These days, in developed countries, you can't so much as rent a car or buy a shirt without setting in motion a burst of digital information spanning hundreds of kilometers. Data stream toward a waiting credit card database through the air, over cables, and back again, bouncing and meeting interference, and encountering other signals along the way. And yet the right bits get to their destination not just usually, but virtually without fail, statistically speaking. They emerge from the noise with the seeming magic of a rabbit coming out of a hat.
Just as in a magic show, however, there's a lot going on behind the scenes: in this case, algorithms that electrical engineers, computer scientists, and mathematicians have been refining for decades. And the roots of many of those algorithms go back to one master magician, Thomas Kailath.
Kailath, a professor emeritus at Stanford University, has worked for four decades on algorithms that detect signals distorted by bouncing off objects in the environment, separate wireless signals by determining their direction using antenna arrays, and compensate for the distortion of optical systems used in semiconductor processing. And, though Kailath spent most of his career in academia, his efforts to see his algorithms make a difference led him to cofound no fewer than four start-up companies.
Along the way, he established new ways of structuring complex problems to speed up their calculation. This work has improved the efficiency of much of the technology that makes modern life possible--not only paying for gas and clothing by credit card but also sending text messages and video images to cellphones. It is for this body of work that Kailath was awarded the 2007 Medal of Honor, the IEEE's highest commendation.
Kailath didn't seem destined for a technical career. Growing up in Pune, India, he so dreaded math class that in sixth grade he would duck behind the student in front of him so a sarcastic teacher wouldn't call on him. He passed exams that year by memorizing the solutions to all the homework problems. However, a rather good thing happened that year, too. The scary math teacher introduced the class to geometry, and for the first time, Kailath realized that math could be engaging. Maybe even more than engaging. He started getting together with classmates to work on proofs. For fun.
Still, he didn't think much about math as a career. He assumed he would go into the civil service, a typical route for a middle-class kid in India. However, the civil service had strict vision requirements, and the myopic Kailath didn't meet them. Plan B was to work for All India Radio, a state-owned broadcast monopoly. He enrolled at the University of Poona (now called the University of Pune).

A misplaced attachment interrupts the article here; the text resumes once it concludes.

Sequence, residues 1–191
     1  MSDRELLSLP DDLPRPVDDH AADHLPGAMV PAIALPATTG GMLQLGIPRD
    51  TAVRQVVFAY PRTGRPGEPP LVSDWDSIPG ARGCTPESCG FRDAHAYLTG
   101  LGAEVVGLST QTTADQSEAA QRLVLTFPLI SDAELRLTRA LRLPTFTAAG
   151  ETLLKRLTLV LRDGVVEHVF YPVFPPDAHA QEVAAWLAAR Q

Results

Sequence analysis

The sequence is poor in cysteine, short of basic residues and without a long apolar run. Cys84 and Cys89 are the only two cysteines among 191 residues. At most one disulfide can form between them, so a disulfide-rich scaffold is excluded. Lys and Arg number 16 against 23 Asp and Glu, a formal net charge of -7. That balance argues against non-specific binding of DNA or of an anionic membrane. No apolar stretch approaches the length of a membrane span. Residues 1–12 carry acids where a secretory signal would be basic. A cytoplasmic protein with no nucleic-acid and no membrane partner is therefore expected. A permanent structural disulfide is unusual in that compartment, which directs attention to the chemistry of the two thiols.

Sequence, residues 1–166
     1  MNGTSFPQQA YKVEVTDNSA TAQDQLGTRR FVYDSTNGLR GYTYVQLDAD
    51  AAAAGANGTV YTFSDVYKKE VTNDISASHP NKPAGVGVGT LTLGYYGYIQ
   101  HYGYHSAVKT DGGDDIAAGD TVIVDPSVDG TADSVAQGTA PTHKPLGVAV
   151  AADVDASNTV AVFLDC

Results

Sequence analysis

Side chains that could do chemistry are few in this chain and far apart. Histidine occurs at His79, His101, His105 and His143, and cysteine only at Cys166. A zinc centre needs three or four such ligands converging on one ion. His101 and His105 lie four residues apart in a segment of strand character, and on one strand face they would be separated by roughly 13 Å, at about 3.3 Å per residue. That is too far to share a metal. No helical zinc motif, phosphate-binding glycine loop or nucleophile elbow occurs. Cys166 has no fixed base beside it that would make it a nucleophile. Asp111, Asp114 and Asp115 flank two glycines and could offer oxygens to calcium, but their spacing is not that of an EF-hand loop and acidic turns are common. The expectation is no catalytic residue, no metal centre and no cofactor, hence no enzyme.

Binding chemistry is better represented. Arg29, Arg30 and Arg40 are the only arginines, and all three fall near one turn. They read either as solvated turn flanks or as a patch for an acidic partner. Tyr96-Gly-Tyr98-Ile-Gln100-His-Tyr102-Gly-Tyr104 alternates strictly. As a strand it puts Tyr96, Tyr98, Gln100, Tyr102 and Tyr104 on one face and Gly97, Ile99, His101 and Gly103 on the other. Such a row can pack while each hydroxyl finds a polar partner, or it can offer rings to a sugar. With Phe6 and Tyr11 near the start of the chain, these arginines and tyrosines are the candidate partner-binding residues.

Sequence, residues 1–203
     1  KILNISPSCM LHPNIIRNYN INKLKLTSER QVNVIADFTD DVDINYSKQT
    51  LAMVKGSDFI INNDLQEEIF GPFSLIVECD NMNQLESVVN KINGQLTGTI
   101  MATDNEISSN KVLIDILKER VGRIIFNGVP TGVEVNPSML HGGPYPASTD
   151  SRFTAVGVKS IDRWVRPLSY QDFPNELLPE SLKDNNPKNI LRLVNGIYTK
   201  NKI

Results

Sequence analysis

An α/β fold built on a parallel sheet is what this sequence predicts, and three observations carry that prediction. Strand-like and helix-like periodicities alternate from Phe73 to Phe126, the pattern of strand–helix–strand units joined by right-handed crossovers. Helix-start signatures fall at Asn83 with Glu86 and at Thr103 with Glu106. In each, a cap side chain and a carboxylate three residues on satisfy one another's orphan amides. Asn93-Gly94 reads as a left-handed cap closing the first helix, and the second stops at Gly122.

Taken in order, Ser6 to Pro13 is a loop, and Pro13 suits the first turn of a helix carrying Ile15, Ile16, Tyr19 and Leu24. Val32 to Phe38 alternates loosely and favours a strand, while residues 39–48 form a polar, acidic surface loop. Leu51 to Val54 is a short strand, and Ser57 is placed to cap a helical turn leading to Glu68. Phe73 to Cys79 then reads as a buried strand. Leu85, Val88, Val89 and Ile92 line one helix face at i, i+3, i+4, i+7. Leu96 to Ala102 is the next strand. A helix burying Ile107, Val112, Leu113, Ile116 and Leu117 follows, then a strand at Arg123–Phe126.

In 1950, his first year at Pune's Ferguson College, he was blissfully perusing magazines in the stacks of the school library, when he came upon an article in a 1949 issue of Popular Science explaining the basic idea of a new field called information theory. The article speculated about how it would be applied to the then-emerging technology of television broadcasting, pointing out that you could use less bandwidth by sending only the changes between television frames, not each frame in its entirety. It was but one use for information theory, but the article predicted that there would be many others.
For the young Kailath, standing in the quiet, wood-paneled, high-ceilinged room, it was a revelation. Not only was the idea appealing, but he found the name itself, "information theory," attractive. It involved the concepts of mathematical proofs that he had so loved in geometry and also offered the possibility of practical applications, such as improving telecommunications. He began to read more about the subject, including Claude Shannon's and Norbert Wiener's pioneering books; this reading was a relief from his less theoretical engineering courses. Kailath had found his calling, and in 1956, approaching graduation, he sent letters to MIT and Harvard asking to be considered as a graduate student in the field. Both accepted him.
On 30 August 1957, after a long journey, mostly by ship, he unpacked his bags at MIT. He was to become the first India-born student, but certainly not the last, to earn a doctorate in electrical engineering from that institution. And to Kailath's delight, Shannon had just become a professor there.